Need help? Call 651-300-4701

Call Now   Contact Information

Xcel electricity plan approved: clean energy, storage, and transmission

Published February 9, 2022

Yesterday, the Minnesota Public Utilities Commission (PUC) made its determination in Xcel Energy’s integrated resource plan (IRP), mapping Xcel’s future power generation. The plan will substantially reduce emissions while maintaining reliability. Under the plan, Xcel will close expensive fossil fuel generators, build out clean energy resources, help affected power plant workers and communities through the transition, and consider effects on historically disadvantaged communities.

Discussions regarding this IRP began as long ago as 2017, when the legislature – at Xcel’s urging – passed a law allowing the utility to bypass the usual regulatory process to build a baseload natural gas power plant at its Sherco generating station in Becker, Minnesota. Xcel relied on this gas plant in its initial resource plan. However, utility system modeling conducted independently by CUB and multiple clean energy organizations all found that Xcel could maintain reliability more cheaply using renewable power and battery storage. 

Xcel amended its plan last summer, finding it did not need the Sherco gas plant. Instead, Xcel asked for two smaller “peaker” gas plants to be used only occasionally, at times of high power demand and low wind and solar generation. Again, CUB and clean energy groups concluded that these plants were not necessary. Prior to the hearing, Xcel dropped its request for approval of the peaker plants, leaving room for broad consensus on the majority of its plan.  

In an agreement signed by Xcel, clean energy organizations, labor unions, and CUB – and approved yesterday by the PUC – Xcel’s generation will be more than 80% carbon free by 2035. Under the plan, Xcel will:

  • Close its remaining Minnesota coal plants by 2030 and rely largely on nuclear and renewable energy. 
  • Build a substantial amount of solar, wind, and battery storage (approximately 4,670 MW by 2032).  
  • Build two new in-state transmission lines to make room for this new generation and storage.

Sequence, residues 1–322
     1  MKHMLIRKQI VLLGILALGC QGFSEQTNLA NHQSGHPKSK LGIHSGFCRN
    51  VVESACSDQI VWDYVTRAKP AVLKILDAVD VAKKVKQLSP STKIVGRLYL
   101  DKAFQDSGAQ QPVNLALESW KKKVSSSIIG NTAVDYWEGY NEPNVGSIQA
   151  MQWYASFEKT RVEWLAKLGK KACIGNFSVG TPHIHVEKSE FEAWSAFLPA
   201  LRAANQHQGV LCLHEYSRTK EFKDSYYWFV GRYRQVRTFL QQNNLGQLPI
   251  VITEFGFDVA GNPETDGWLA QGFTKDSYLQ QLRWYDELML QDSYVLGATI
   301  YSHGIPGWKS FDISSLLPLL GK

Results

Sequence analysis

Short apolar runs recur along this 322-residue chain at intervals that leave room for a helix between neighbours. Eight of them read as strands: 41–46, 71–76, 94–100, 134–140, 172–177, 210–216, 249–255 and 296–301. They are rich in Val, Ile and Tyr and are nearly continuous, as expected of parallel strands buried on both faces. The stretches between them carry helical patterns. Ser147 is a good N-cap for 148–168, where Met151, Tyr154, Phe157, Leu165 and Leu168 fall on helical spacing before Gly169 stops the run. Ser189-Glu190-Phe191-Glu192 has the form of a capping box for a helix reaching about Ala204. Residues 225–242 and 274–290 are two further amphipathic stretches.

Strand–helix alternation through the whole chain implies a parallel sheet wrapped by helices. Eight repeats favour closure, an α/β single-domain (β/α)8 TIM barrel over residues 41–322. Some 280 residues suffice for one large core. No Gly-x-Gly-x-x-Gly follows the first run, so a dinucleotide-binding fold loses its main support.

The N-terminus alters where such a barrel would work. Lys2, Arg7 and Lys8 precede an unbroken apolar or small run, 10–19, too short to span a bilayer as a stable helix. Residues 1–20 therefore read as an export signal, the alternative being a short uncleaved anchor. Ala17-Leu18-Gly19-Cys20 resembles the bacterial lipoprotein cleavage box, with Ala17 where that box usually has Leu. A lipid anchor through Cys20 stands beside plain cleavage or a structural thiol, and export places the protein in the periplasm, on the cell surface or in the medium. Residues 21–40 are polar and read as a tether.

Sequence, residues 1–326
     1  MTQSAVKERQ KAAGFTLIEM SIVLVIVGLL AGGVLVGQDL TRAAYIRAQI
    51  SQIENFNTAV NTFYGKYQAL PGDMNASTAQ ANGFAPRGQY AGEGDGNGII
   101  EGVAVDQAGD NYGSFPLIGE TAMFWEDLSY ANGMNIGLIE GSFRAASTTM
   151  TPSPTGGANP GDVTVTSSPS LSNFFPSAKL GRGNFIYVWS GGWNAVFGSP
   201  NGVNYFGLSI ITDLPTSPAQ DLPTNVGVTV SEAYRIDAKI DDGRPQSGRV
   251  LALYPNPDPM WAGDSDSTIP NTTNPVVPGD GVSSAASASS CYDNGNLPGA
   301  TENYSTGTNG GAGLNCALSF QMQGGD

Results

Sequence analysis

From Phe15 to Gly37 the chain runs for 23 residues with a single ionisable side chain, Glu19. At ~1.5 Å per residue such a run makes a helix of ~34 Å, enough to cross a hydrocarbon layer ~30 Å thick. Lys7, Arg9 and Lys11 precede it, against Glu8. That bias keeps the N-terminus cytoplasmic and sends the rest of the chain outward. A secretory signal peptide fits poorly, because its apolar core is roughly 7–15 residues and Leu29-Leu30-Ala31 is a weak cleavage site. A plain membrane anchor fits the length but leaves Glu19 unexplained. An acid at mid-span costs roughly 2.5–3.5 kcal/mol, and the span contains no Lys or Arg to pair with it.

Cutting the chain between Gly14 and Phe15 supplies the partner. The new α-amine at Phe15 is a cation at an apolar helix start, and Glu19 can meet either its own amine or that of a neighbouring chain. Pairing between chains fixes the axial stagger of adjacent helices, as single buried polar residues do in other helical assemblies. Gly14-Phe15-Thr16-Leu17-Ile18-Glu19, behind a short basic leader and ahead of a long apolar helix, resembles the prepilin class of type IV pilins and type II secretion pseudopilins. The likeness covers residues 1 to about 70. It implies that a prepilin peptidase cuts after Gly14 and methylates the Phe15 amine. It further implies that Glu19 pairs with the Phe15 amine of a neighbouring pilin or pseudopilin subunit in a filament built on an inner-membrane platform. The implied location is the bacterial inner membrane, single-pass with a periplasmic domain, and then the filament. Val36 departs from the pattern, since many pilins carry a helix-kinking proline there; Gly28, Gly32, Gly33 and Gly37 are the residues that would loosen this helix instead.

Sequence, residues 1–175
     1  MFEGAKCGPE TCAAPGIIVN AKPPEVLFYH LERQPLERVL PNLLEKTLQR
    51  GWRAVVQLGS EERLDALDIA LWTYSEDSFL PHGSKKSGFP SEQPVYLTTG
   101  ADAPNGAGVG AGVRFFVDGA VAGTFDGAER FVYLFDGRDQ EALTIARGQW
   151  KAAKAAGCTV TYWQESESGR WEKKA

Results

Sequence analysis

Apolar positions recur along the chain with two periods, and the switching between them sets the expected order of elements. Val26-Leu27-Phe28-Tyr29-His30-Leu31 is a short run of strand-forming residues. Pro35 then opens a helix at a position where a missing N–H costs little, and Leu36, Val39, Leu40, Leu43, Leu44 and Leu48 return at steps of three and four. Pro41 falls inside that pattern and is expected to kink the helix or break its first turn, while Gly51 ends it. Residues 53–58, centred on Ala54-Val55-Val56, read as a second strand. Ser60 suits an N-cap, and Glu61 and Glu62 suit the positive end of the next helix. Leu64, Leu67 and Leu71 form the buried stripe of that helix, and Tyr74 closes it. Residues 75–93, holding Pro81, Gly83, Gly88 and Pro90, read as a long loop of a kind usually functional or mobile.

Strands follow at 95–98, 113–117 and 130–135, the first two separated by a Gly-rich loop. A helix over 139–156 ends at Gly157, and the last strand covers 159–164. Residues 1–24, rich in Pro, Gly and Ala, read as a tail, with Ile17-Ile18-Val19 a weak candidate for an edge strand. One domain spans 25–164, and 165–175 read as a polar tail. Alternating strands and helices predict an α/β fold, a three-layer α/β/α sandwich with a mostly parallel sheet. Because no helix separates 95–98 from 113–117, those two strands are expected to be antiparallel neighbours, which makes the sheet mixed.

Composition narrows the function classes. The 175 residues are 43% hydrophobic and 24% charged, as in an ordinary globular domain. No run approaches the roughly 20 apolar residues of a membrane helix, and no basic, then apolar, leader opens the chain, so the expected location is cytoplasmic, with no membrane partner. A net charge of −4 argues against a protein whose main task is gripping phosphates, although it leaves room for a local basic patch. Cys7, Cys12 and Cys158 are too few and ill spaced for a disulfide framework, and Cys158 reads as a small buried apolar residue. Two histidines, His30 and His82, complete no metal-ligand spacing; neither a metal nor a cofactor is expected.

• Pursue a 10-year extension for its Monticello nuclear plant. (The future of the Prairie Island nuclear plant will be considered in the next IRP.)  
  • Assist customers to achieve a large amount of energy conservation. 
  • Better plan for beneficial electrification of space and water heating and transportation, increased load flexibility, and distributed solar generation.

For the first time in an IRP approved in Minnesota, the plan also includes provisions related to equity. Among other requirements, Xcel must design programs to make distributed generation accessible to low-income and Black, Indigenous, and communities of color who have disproportionately borne the costs associated with energy systems, and to establish an environmental justice advisory board.  

Xcel indicated that it still believes it will likely need the gas peaker plants within the next 5-7 years. However, CUB’s and the environmental groups’ analyses showed that this need can be met with renewable resources, storage, and the utility’s existing gas plants. We will continue to advocate against expensive and unnecessary fossil fuel investments.

This plan confirms Xcel is a continued leader in electricity decarbonization and puts the utility on a path to meet its goal of being 100% carbon free by 2050. The approved plan is largely consistent with the direction that CUB advocated for in our Consumers Plan. While it does not include everything that we recommended, the approved plan is also supported by labor groups and the utility itself. Nearly three years of comments and discussion have resulted in a great path forward for Xcel customers and the state. 

Author: Annie Levenson-Falk

2 Responses to "Xcel electricity plan approved: clean energy, storage, and transmission"

  1. Henry Koopman Posted on February 23, 2022 at 3:36 pm

    More solar and wind power? How did that work in Texas last winter? How did that work in Germany? What do you depend on when the sun is down and the winds die down? Will it take a disaster like Texas experienced before you see the folly of this foolishness?

  2. Tyler Posted on April 1, 2022 at 9:51 am

    This was a great read! Thanks for the advocacy work that you all have been doing!

Leave a Reply

Stay in the loop!

Get the latest updates with CUB's monthly newsletter.

You have successfully subscribed to the newsletter

There was an error while trying to send your request. Please try again.